The best things to do in the Lake District, from boat trips to Beatrix Potter's farmhouse

Helen Pickles
The Ravenglass and Eskdale Railway steams upwards through fields and woodland on a former iron-ore route, and the views are fabulous - brian.sherwen@virgin.net

More insider guides for planning a trip to the Lake District

  1. 48 hours

    48 hours

  2. Attractions

    Attractions

  3. Restaurants

    Restaurants

  4. Pubs

    Pubs

  5. Walks

    Walks

  6. Hotels

    Hotels

The Lake District, undoubtedly, has some of Britain’s finest scenery and fell-walking. But it has much more – much (not surprisingly) as a consequence of its headline-grabbing views. Writers, poets and artists (such as Beatrix Potter and William Wordsworth) were drawn here, leaving fascinating homes to explore. Wealthy folk built grand houses and gardens to capitalise on the landscapes. Quirky things to do include a distillery tour, slate mine and pencil museum – but honestly nothing beats a lake cruise for complete relaxation.

Windermere and around

Take a cruise along England's longest lake 

For many people, Windermere, which stretches for over 10 miles between Ambleside and Newby Bridge, is the heart of the Lake District. Inevitably, it attracts swarms of visitors, particularly at its Bowness pier, but a ride on one of its lake cruisers, gliding past its 18 islets, is an undeniably enjoyable way to take in the lovely scenery. There’s a choice of routes, and you can usually break the journey at one of the landing stages.

Insider tip: During the winter months, buy a 48-hour ticket and enjoy unlimited travel on any of the cruise routes. 

Contact: 01539 443360; windermere-lakecruises.co.uk
Opening times: Daily, check website for precise timings
Price: £-££

Lake Windermere's lake cruises are an undeniably enjoyable way to take in the lovely scenery Credit: George-Standen

• The best restaurants in the Lake District

Visit Beatrix Potter's perfectly preserved house 

The 17th-century farmhouse Hill Top is where children's author Beatrix Potter created some of her best-known stories. It's still furnished as she left it when she died in 1943: in the entrance hall are her straw hat and clogs, in the bedroom are the bed hangings that she embroidered. Most fun is to be had by spotting the scenes illustrated in her books: the grandfather clock from The Tale of Samuel Whiskers, the chimney stack that Tom Kitten failed to escape from and Mr MacGregor’s cottage garden.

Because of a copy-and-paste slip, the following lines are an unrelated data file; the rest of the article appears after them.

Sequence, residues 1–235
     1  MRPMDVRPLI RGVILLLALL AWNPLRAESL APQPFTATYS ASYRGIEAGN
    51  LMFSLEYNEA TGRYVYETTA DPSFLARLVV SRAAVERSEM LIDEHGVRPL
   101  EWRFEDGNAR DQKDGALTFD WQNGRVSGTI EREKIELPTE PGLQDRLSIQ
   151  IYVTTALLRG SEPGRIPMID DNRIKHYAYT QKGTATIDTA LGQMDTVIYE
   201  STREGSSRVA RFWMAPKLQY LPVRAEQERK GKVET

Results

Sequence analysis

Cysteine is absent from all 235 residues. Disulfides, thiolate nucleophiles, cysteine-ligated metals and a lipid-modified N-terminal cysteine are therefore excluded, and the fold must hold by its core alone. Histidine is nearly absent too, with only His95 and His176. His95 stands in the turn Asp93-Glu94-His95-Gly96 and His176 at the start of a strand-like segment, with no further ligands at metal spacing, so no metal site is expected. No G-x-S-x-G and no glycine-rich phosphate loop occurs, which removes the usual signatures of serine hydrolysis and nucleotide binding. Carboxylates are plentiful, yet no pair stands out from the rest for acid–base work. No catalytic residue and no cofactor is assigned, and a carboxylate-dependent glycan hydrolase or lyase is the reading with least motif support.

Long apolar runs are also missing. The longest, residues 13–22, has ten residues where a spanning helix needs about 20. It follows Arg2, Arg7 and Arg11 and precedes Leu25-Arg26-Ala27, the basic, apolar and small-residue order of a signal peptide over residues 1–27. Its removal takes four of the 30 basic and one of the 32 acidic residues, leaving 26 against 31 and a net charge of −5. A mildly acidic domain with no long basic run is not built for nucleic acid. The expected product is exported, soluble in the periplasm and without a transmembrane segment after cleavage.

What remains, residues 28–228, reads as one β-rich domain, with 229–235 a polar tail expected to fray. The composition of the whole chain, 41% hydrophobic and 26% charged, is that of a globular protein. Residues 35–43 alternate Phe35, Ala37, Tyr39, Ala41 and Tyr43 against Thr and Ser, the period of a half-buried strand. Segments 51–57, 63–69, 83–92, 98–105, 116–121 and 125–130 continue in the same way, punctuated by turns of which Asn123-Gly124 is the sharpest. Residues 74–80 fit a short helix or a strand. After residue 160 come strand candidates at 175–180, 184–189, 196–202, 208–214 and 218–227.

Insider tip: In summer, it heaves with visitors so visit early on a weekday if you can.

Contact: 01539 436269; nationaltrust.org.uk
Opening times: End of May-Aug, daily, 10am-5pm; mid-Feb to end of May and Sep-Oct, Sat-Thur (plus Fri in school holidays), 10am-4.30pm. Garden only also open Nov-Dec, daily, 10.30am-3.30pm 
Price: ££

Hill Top is the house where Beatrix Potter created some of her best-known stories

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Explore a grand Victorian-era holiday home 

Blackwell House is a gem of an Arts and Crafts house overlooking Windermere, which was designed in 1898 by leading architect M H Baillie Scott as a holiday home for a wealthy Manchester brewer. It’s a delight of original handmade details from William De Morgan tiled fireplaces to carved oak panelling, jewel-coloured stained glass windows and a sweeping peacock frieze. But it’s the space, the light, the attention to detail – window latches are individually carved – that staggers.    

Insider tip: Time your visit for later in the day so you can sit in the window of the White Drawing Room and watch the light fade over Windermere.

Contact: 01539 446139; blackwell.org.uk
Opening times: Mar-Oct, daily, 10.30am-5pm; Nov-Feb, daily, 10.30am-4pm
Price: ££

The modern-looking White Drawing Room is one of Blackwell House's highlights Credit: Steven Barber Photography Limited/Steven Barber